Madeon’s seminal sophomore studio LP was crafted all in ‘Good Faith’ [Album Review]
In just a few short years’ time, Madeon has gone from masterful mash-up newcomer to iconic electro-pop sensation. Since releasing his debut album with 2015’s Adventure, the French DJ/producer, born in Nantes as Hugo Leclercq, has become a fixture in the electronic dance scene. Living with his family in 2011, Leclercq was a skinny 16-year-old music nerd with bedroom equipment that helped him put out a 39-song mash-up, “Pop Culture,” which the then-17-year-old posted to YouTube.
It was natural to move out from my parents’ basement and have more of my own-life experience,” Madeon told Billboard Dance in an exclusive interview. “Being out on your own, it forces you to figure out who you are outside of the familiar.”
As Madeon, he’s garnered production credits working alongside the likes of Lady Gaga, Ellie Goulding, and many more pop icons. He’s helped birth a wildly successful artistic concept alongside Porter Robinson and toured “Shelter” around the world. He’s even built two immaculate live shows around his only two solo long-form projects, the latter of which is out now on Columbia Records.
Now comes a monumental stepping-stone moment in the 25-year-old’s creative career. Madeon has released his seminal sophomore studio album, Good Faith. He’s been teasing the full-length effort since January, releasing the first three tracks off the album in “All My Friends,” “Dream Dream Dream” and “Be Fine,” respectively. The prolonged wait was due to some creative and personal roadblocks along the way, Madeon revealed last month. So to say the wide release was well worth the wait might just be the biggest understatement of the year.
I knew Adventure was about my teenage years. That’s when I made it, and I wanted this one to be about my early adulthood,” Madeon continued.
Weighing in at 10 tracks in length, Madeon’s entirely solo creative endeavor is a charismatic exploration of dance-pop ballads. Good Faith draws its inspiration from an amalgamation of genres, from indie-electronic to gospel and smooth rock to pop, of course. Glistening synths, bellowing church organs, electric guitar and piano melodies, robust drum work, and Madeon’s synthesized vocals all make their way into a number of the album’s tracks. Each song reveals a new piece of the album’s larger story.
Take the album’s fourth track, “Nirvana,” which picks up right where the previously-released teaser tracks left off. The song’s cinematic opening and powerful lyrics make the song function as the album’s starting point, almost as if Madeon’s intention was for listeners to begin the listening journey at the four-track mark. The entire track works diligently towards its climactic point, at which point Madeon introduces fluttering xylophone synths, the likes of which we’ve never heard before of any production designer. Complexly textured and intricately layered, the song stands completely on its own.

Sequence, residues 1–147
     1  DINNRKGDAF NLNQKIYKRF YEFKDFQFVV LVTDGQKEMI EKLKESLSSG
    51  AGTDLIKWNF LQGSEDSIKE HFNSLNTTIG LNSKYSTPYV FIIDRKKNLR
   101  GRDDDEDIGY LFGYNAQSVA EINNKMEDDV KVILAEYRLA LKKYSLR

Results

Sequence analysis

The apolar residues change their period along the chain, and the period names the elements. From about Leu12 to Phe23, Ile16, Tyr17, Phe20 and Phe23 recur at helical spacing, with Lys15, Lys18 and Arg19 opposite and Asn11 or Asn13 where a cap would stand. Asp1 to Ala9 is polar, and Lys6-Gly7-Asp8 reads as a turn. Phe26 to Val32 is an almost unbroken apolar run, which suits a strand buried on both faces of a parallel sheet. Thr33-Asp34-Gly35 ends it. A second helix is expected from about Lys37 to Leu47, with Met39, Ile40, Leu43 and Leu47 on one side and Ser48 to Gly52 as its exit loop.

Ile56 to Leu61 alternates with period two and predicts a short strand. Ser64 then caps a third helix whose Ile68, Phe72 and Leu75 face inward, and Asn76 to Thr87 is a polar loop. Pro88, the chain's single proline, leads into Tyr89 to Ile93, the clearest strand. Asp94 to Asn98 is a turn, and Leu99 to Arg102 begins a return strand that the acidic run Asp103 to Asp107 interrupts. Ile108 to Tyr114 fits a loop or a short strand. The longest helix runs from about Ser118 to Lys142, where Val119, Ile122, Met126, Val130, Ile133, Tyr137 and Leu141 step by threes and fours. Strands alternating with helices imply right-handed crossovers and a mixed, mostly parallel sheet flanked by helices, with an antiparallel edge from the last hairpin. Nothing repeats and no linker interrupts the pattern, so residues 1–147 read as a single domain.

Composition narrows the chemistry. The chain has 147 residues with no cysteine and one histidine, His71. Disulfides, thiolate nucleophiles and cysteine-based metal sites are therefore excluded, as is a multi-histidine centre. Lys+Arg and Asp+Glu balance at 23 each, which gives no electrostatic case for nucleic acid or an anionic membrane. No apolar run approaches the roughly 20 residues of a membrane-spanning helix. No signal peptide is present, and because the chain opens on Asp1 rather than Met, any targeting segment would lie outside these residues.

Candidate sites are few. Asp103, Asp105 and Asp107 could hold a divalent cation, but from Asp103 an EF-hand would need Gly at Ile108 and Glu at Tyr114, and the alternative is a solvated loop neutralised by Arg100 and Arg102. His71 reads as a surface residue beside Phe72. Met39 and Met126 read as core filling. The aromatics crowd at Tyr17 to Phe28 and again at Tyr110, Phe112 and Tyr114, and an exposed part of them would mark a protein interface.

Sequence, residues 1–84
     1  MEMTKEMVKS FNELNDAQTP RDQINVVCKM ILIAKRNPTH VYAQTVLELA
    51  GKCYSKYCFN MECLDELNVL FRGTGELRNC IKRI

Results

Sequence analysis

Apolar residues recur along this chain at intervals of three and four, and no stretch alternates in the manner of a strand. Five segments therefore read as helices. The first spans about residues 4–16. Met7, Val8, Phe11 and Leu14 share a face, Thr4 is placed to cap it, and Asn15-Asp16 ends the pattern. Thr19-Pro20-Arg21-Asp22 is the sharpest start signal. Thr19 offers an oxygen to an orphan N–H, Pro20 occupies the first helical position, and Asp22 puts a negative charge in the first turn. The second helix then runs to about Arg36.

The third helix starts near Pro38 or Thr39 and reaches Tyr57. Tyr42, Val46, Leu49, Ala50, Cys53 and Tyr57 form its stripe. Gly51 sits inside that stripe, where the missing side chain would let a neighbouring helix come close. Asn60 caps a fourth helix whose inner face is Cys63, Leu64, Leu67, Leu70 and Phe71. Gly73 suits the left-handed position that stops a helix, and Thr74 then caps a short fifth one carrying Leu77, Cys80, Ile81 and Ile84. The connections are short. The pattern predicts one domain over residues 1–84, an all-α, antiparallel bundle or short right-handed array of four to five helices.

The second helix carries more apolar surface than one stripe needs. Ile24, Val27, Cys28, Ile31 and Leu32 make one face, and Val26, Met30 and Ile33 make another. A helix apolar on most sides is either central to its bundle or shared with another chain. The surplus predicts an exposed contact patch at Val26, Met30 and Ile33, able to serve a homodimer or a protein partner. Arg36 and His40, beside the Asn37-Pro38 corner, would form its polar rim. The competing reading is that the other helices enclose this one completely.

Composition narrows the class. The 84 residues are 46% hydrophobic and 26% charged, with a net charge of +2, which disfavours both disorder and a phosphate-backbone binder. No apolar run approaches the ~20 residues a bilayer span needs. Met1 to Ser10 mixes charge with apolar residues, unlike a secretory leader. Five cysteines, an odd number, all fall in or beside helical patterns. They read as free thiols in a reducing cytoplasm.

After what seems like an abrupt end to “Nirvana,” Madeon brings listeners into a drum-led intro on “Mania.” The landscape here is more toned-down with chill electric guitar riffs and gospel vocal samples. However, the song quickly builds back towards excitement at a frenzied pace, as synths begin mixing with electric guitar progressions as Madeon raises the heart rate. The song’s end quickly turns towards a soft piano melody and it becomes clear that these songs have no beginning or endpoint. One simply leads into the next.
A standout on the LP comes at its midway point in the sixth track, “Miracle,” which acts like a bridge to the album as a whole. The song takes the organ melody from “Dream Dream Dream” and the lyrical melody line of “All My Friends” and subtly integrates them as hummed verses, thus making the listening experience feel nostalgic, meaningful, and whistfully sentimental.
From the funky, synth-pop beats of “No Fear No More,” to the glistening synths, vibrant horns, and emotional lyrics of “Hold Me Just Because,” Madeon begins winding down the album with ease and grace. That is not to say each track does not build to its own intensity. The latter track’s outro contains an interesting anime vocal sample, no doubt inspired by friend and collaborator Porter Robinson, that takes listeners into “Heavy With Hoping.”
The song’s R&B-focused lyrics infuse the track with a soulful approach that falls into indie-tronica territory. Heavily synthesized keys then mar the outro, sounding like they were taken straight out of “Shelter.”
By the end of the listening journey, it becomes clear that the leaps Madeon has taken on the new album were all in Good Faith. He’s managed to craft a soaring sonic statement that is every bit as technically saavy as it is emotionally poignant and sonically groundbreaking.
Every few years, a poignant album comes along that changes the way we listen to electronic dance music. In 2014, it was Porter’s Worlds. In 2018, it was RÜFÜS DU SOL’s Solace. They also serve as reminders to the masses what boundary-pushing electronic sounds like. In 2019, that accolade belongs to Madeon. Without a doubt, Good Faith will go down as one of the top albums of 2019.
Featured photo: Nelson Aaron.
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